5 Odd Reasons Autism Avoids Eye Contact

Autism has many reasons to avoid eye contact, and we don't really know what they all are, but here are some reasons autistic people avoid eye contact.

  First, this video from The Mighty's Youtube says a lot.


 Text from the video:
Someone asked my son with autism why eye contact is hard. This was his answer. My eyes can see very well... Most people seem to have to look long and hard to make sense of a picture. I can take in a whole picture at a glance. Each day I see too many little petty details. I look away to not get overwhelmed by a lot of little bits of information. I watch things that a teacher or person I listen to tells me to watch. This helps me concentrate on what I should be focusing on. I can search for a teacher's voice to try to focus on. I am academically learning best when I sit side-by-side with a teacher. A seat on the side keeps me focused on your voice and not on visual distractions. I'm assessing many sounds too. I have to erase some stimuli to access my answers to people's questions and meet their demands. I am sad when people think I don't like them. I love people.
I understand this too well, but 5 other reasons why I avoid eye contact...

Because I don't Have To

Because of all the things the video says, at a glance I get the picture, I don't need to make eye contact. Your voice can be in my peripheral sound, and I'll still get most of what you say. In the movie Bloodsport, a movie based on a true story where Jean Claude Van Damme goes to China to fight in the Kumite, at the end, he is fighting the guy who is deemed the mean, bad guy in the movie. That guy cheats. He throws a powder in Van Damme's face rendering him blind. After Van Damme has a little meltdown, he regains his focus and starts acting out some martial arts training from his past. In the movie, he is there, blind, and reacting on sounds, feelings of steps, and that spiritual essence feel we have that silently whispers to our senses. Without eye contact, he fights his opponent. That's what autistic people are like all the time. We aren't blind, but we use all our senses as a blind man is forced to do. We don't need eye contact.

It's easier to ignore the distracting details when everything is blurry

Do you ever stare at the wall observing bumps and crevices, and in time, it gets blurry and more blurry? Then you get a spaced-out feel? We with autism usually learn naturally that staring at something until it gets blurry happens to remove all the details that overwhelm our thoughts. This is why when autistic people are trying to listen to you, they tend to stare off into the distance. I tend to look down at the side a lot. But the point is to space out and focus primarily on the voice.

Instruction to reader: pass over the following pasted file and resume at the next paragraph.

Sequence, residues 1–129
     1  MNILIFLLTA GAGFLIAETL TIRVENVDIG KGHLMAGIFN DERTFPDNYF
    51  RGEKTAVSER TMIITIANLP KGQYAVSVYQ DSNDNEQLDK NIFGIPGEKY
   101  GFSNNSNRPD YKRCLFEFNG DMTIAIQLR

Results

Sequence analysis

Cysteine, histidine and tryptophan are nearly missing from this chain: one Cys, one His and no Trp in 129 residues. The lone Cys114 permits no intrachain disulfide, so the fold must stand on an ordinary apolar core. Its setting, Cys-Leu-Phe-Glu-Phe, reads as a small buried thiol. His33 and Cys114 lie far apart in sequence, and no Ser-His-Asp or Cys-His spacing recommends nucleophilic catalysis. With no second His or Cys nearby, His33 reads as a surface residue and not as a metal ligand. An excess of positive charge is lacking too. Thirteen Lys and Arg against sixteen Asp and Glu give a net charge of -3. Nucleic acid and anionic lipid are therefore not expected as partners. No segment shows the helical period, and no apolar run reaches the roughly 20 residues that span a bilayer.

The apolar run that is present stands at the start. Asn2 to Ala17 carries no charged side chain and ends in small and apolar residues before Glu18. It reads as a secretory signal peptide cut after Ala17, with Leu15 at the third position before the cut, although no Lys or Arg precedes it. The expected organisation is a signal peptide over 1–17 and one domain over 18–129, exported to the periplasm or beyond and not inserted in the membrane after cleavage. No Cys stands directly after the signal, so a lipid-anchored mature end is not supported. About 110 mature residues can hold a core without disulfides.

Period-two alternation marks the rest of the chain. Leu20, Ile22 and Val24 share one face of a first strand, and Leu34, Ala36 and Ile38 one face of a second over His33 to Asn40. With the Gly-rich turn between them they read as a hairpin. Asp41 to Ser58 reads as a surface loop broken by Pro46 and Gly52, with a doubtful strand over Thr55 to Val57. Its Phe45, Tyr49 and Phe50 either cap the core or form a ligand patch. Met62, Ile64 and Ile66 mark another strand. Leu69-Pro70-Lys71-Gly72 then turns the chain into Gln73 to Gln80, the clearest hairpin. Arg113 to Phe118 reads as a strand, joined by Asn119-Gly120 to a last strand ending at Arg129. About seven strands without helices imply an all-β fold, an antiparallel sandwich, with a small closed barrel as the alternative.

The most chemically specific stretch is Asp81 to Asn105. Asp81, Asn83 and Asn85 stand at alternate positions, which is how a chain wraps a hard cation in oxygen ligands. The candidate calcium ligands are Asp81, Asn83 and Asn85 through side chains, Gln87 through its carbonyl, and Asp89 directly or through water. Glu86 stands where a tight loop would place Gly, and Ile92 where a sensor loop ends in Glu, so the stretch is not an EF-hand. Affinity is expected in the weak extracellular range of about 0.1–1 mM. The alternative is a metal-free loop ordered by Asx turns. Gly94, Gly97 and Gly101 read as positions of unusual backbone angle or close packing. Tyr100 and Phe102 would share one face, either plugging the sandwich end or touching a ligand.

The Mouth is Where the Sound Comes Out

I look at lips so often I can somewhat read lips now. It's where the sound comes out, and helps me focus on the words. Some people seem to not notice my lack of eye-contact when I stare at their mouth, but people with bad teeth get a little uneasy. Autism doesn't read eyes like most people do. It's actually a test to help determine autism that many use by showing pictures of eyes and seeing if the person taking the test can match the emotion displayed in the eyes. All eyes are equal in the mind of autism. It's just natural for autism to look at the source of the sound, especially when the eyes don't reveal much about a person's character to us.

Eye Contact is Intimidating

Studies have shown babies and animals find eye contact intimidating, and the same can be said about adults when it's the kind of eye contact autistic people are capable of making. I naturally avoid eye contact, but one reason I don't try to push the matter is that it makes people uneasy. The fact that I don't exhibit my emotions on my eyes like most people do kind of freaks them out, and I don't waiver much with fear, so it really freaks them out. It's the blank glaze of unpredictability and lack of emotion that scares people. Like cops will try to force eye contact with me up until the point where I make eye contact. Same with my drill sgts. These are manly men with courageous hearts, men who have seen battle and stared down the face of the enemy without flinching, and they find my eyes to be intimidating. After many experiences like this, I have learned to keep my eye contact minimal, despite everyone telling me I should make more eye contact. Avoiding eye contact is not only less intimidating to the person you're talking to, but it's also less intimidating to the person with autism. With heightened senses, the feeling of intimidation is also heightened.

Autistic People Do Not Bond Like Most People

The motivating factor behind most people's need to make eye contact is that it promotes a bond between people, a bond autistic people just don't feel. Without that bond motivating us, autistic people have no reason to make eye contact outside of the fact that it's what most people want, and they are trying to fit in, and that's if they are graced with that knowledge (they don't realize they are different until they are told they are). Eye contact is really a petty thing to people with autism. We don't fully understand what the big deal is, and most people don't. For the same reasons we can question why we avoid eye contact, we can also ask ourselves why do people need it?

Michelle Grewe

Humor and Spiritual Writer and Graphic Artist, Michelle Grewe is an Air Force Veteran, mother, and a human jungle gym. Published in 7 Books, Michelle’s art is featured in her coloring book designed for spirituality and mental health, From Dust to Essence. Websites who have featured her work include Popsugar Moms, Mamalode, and Blunt Moms. Her nonsense actually does make sense if you drink enough vodka and pray. Find her on

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